Welcome to Masters of Communication: our series of interviews with communication experts. In this episode, I got to chat with Lee LeFever, the founder of Common Craft, author of the book The Art of Explanation, and all-around expert explainer. Lee can explain anything, from copyright to zombies, and even more exciting: he can teach the rest of us how to do it.
Click play below to learn why explanations fail and get some tips on making your ideas, products, and services easier to understand. (If you’re in more of a reading mood today, you can also scroll down to find the full transcript of the interview.)
I am a person who is getting married. If you are not a person who is getting married or a person who has gotten married in the past, let me tell you this: weddings are a lot of work.
When you decide to get married and have a wedding, you get your first wedding gift: a to-do list. A to-do list full of things like “book caterer,” “find dress,” and “source doves that represent your pure love.”
In the era of Pinterest, you also have the pressure to personalize every detail of your wedding. Custom invites, custom hashtags, and everything DIY. I caught the DIY fever and decided I was going to make a sign out of live flowers, before I remembered that I have no crafting skills, no time, and a brown thumb.
In this pressure cooker environment (a pressure cooker that’s been bedazzled and monogrammed, of course), I get excited about anything that’s easy but still has a personal touch. Enter this email from Uber and Style Me Pretty—a fine piece of damn good communication. (more…)
A classic communication challenge: marketing something that’s uncool, boring—or just plain ugly. We all remember the classic case study about Gargoyle Automotive* and its rapid, very predictable path to failure.
This creative campaign from the French supermarket Intermarché manages to overcome the ugly and boring hurdles with some serious grace. In order to reduce food waste, Intermarché decided to start buying fruit and veggie rejects—the produce that’s totally delicious and nutritious but doesn’t look so great, so farmers throw it away.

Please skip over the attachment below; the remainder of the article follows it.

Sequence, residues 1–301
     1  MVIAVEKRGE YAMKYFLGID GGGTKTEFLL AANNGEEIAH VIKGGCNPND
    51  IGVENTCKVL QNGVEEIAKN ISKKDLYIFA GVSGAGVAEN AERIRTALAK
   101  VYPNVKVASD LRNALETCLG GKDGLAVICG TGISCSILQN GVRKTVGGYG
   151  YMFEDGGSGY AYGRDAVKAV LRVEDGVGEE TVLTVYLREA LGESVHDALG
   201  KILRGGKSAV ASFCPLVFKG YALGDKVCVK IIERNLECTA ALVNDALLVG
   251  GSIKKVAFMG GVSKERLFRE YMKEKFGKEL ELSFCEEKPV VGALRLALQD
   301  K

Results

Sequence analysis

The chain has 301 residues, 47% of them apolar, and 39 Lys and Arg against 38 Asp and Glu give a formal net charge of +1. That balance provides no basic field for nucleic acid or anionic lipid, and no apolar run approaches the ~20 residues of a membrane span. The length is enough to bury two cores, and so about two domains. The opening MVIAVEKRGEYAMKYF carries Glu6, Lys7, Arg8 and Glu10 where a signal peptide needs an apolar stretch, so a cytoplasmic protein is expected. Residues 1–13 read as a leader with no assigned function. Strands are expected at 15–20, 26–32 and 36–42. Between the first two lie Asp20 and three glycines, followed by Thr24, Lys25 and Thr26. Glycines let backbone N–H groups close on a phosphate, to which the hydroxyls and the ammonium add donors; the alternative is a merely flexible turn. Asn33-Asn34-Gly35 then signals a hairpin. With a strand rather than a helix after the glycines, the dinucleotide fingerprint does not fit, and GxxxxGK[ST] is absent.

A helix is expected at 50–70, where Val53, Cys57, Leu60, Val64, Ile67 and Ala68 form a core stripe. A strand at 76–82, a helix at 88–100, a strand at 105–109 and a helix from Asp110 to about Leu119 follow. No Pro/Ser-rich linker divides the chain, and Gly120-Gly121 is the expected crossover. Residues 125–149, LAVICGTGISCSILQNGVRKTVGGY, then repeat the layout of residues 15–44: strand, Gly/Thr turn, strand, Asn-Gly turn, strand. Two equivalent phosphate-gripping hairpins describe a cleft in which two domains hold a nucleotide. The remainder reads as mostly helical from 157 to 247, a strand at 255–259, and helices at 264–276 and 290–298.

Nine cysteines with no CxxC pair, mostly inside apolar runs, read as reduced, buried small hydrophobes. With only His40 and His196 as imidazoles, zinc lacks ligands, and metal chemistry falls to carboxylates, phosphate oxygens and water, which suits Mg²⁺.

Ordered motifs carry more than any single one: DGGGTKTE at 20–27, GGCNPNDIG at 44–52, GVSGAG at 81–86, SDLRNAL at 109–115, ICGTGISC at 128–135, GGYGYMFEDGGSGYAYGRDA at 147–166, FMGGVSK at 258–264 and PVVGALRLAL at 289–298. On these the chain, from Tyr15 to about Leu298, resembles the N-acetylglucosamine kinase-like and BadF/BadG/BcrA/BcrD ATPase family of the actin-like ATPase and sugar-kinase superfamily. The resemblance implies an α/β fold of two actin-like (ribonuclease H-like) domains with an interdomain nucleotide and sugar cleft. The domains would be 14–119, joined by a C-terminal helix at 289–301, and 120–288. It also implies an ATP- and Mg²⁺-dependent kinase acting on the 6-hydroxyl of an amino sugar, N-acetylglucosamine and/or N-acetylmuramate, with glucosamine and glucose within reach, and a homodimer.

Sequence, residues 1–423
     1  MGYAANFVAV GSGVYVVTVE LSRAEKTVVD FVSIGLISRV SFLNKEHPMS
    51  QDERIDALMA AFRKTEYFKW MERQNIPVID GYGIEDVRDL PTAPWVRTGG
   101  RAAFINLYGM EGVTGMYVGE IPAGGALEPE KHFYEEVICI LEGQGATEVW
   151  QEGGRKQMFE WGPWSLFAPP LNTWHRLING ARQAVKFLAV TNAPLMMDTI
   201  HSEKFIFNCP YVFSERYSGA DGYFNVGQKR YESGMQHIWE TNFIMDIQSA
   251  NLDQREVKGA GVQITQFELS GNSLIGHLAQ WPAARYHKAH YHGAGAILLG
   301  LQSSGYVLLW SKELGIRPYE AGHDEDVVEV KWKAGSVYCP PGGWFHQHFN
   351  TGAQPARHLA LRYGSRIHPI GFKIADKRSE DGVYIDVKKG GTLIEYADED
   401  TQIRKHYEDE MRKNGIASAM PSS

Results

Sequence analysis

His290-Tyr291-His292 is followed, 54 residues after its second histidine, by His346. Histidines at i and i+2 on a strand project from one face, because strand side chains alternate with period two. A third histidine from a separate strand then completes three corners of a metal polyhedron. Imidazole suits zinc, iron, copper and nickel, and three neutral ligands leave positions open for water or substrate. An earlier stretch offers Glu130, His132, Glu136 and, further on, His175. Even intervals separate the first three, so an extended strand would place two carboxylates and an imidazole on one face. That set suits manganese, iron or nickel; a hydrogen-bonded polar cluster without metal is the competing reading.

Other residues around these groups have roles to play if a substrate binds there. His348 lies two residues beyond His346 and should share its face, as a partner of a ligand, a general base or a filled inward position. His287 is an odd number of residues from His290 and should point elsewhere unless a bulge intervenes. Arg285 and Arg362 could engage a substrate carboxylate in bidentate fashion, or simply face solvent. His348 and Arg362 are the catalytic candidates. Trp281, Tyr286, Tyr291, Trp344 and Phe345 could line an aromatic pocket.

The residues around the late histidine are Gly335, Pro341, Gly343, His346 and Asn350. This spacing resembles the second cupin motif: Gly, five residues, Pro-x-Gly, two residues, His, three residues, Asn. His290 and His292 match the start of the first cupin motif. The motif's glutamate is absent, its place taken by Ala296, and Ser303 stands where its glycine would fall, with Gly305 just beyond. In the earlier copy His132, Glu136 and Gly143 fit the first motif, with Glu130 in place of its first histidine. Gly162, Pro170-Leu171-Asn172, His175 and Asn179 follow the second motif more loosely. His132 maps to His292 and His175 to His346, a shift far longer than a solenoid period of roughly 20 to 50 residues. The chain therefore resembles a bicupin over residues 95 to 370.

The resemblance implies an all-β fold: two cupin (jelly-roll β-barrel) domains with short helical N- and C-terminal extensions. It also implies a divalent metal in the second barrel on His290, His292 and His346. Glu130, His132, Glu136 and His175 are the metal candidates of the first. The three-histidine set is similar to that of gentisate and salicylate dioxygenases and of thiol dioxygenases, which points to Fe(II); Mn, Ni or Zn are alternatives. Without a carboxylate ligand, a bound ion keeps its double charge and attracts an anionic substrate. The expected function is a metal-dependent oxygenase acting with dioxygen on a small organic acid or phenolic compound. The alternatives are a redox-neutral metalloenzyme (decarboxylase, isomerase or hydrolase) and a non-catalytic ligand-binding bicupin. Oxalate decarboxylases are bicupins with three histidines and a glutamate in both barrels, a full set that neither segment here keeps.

Great idea, but…how to get shoppers to take a chance on the homely eggplants, carrots, and clementines? (more…)
We’ve all been the “noob” at one point in our lives. Being a new face in an office can be awfully stressful or extremely exciting, and usually both. But while we’re wandering around trying to figure out where the bathroom is, we don’t usually think about the responsibility that comes with being the new guy. (more…)
Jellyvision has known for a while that adding some humanity to technology does great things for engagement, learning, and trust. People like the virtual hosts of our Interactive Conversations so much that they tell us they understand the complicated subjects better than before. ALEX, our virtual benefits counselor, has even received marriage proposals.
Of course, we’re not the only ones trying to make technology more human. A great, smiley example: Google’s self-driving car.
These brochures and handouts tend to be pretty dry and impersonal. Sure, there’s important information in there, but they make you work for it. That’s a problem—we wouldn’t want someone ignoring important care instructions because they were buried in the middle of a dull, dense paragraph…the fourth dull, dense paragraph on the page.
So how can we make these important communications easier and more enjoyable to read, so more people pay attention to them and actually follow them? My vet’s office, Roscoe Village Animal Hospital, has one idea. (more…)